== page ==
Registered: 10/27/03
Posts: 9910
Loc: Massachusetts
Originally Posted By: theophan
What I was picking up on in the original post was the expressed statement that persons communing came forward but did not believe that they were, in fact, receiving the Lord in a Latin Church. Somehow, to me, there is a disconnect here. Why would someone come to Holy Communion while at the same time denying that they were, infact, receiving the Mystery?


Bob,

Not sure - habit, maybe? (Go to church, go to Mass/Liturgy, receive Communion).

Many years,

Neil
_________________________
"One day all our ethnic traits ... will have disappeared. Time itself is seeing to this. And so we can not think of our communities as ethnic parishes, ... unless we wish to assure the death of our community."

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#337649 - 11/19/09 05:24 PM Re: Help?? Infant Communion... [Re: Irish Melkite]
Precentrix Offline
Junior Member

Registered: 11/07/09
Posts: 29
Loc: London, England
Bob,

I had wondered the same thing. I suspect that they just hadn't really thought much about it - these guys are quite 'secular' in their outlook on life in general.

Anyway, guys, thanks for all the help;

Julie Michelle

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#337656 - 11/19/09 07:02 PM Re: Help?? Infant Communion... [Re: Precentrix]
theophan Offline
Moderator
Member

Registered: 11/27/02
Posts: 5839
Loc: Hollidaysburg, PA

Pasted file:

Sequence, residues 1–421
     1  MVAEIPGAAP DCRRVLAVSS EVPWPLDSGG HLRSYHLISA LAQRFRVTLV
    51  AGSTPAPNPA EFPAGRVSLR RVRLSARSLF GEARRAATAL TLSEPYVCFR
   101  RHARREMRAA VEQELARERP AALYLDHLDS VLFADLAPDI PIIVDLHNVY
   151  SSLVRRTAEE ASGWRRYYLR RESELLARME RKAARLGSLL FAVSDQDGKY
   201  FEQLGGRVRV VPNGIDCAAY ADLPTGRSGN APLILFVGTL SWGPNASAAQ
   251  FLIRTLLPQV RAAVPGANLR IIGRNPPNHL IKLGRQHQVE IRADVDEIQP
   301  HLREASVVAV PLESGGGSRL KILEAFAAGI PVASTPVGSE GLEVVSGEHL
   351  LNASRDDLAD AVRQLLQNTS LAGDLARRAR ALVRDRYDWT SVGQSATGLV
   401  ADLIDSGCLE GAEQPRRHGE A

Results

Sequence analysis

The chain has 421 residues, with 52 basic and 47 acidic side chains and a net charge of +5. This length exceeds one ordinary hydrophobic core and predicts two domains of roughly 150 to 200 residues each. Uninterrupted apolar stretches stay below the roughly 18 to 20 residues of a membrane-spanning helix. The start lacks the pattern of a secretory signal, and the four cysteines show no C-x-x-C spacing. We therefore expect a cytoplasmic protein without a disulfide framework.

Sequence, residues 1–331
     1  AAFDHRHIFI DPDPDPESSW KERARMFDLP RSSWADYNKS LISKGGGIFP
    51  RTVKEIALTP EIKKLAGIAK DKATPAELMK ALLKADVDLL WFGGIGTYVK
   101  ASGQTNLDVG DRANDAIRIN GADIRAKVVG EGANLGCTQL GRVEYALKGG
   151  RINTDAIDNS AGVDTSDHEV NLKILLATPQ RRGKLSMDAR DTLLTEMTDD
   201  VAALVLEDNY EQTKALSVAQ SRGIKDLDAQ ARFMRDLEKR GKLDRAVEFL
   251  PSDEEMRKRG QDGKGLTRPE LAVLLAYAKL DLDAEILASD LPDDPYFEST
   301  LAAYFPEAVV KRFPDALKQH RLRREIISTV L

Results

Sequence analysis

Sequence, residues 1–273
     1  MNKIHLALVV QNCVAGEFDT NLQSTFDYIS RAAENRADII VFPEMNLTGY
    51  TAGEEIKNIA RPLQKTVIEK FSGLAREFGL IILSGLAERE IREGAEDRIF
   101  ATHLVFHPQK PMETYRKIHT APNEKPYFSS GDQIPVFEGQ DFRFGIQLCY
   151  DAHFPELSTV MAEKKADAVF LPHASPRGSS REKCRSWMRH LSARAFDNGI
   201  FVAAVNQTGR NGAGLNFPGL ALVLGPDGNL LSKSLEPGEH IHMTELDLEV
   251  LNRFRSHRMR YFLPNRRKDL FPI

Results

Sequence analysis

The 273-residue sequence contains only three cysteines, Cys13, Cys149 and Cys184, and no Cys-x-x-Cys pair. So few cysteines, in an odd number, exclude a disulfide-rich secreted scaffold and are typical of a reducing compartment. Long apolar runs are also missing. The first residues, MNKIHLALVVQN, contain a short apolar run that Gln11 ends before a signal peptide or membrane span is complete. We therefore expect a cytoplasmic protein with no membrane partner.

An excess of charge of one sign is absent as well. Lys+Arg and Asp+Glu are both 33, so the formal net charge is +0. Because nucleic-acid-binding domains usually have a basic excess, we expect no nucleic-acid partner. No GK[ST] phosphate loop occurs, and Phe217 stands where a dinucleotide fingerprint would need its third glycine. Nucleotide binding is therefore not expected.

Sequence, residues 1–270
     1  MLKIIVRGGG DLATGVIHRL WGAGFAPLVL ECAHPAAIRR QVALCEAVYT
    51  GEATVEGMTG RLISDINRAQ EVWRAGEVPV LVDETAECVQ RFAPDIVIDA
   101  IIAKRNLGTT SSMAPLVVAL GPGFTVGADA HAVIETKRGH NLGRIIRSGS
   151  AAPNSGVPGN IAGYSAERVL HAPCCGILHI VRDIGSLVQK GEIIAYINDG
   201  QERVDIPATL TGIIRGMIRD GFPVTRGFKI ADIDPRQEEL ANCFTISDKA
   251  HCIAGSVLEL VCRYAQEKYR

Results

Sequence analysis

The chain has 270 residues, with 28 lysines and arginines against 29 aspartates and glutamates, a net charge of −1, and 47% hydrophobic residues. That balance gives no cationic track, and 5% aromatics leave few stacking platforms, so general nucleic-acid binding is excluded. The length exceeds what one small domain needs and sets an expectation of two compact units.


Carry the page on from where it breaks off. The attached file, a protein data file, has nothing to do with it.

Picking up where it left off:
Maybe it's just me.

Some years ago, I went to the First Holy Communion of my godson in another state. The pastor there insisted that he wanted everyone--all the parents--to come forward and receive with their children. Now my sister and her husband were uncomfortable because they'd never had their marriage blessed in church--indeed, he needed an annulment from his first marriage and they'd been married in a civil ceremony. They thought they'd decline. There was also a family there that the father was Jewish and he really ddin't want to be part of this, even when the pastor insisted.

But, then, I see this moment as the defining moment of a person's life--that most intimate moment when one touches Divinity and Divinity touches me; the most improtant act that I will do or participate in this side of eternity. I read St. Paul's admonition before receiving--about examining oneself so as not to be guilty of the Body and Blood of the Lord. Maybe I'm off; too strict or whatever.

BOB

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#337661 - 11/19/09 07:13 PM Re: Help?? Infant Communion... [Re: theophan]
StuartK Offline
Member

Registered: 11/09/01
Posts: 7394
Loc: Falls Church, VA
The pastor was way out of bounds, and more than a little out of his gourd, if you ask me. Did he even bother to inquire about the status of the parents and godparents before he made this request? What do they teach them in the seminaries, these days?

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#337665 - 11/19/09 07:48 PM Re: Help?? Infant Communion... [Re: StuartK]
theophan Offline
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Member

Registered: 11/27/02
Posts: 5839
Loc: Hollidaysburg, PA
Stuart:

My rule of thumb was given to me by my pastor as I was graduating high school in 1968. "In the future you won't be able to trust your pasrish priest because of the direction the seminaries are going. You'll have to know the Faith and teach it to your children yourself." (And I'm sure he also meant I'd ahve to correct the craziness that they might bring home from religious programs gone amok. I've seen that, too.)

BOB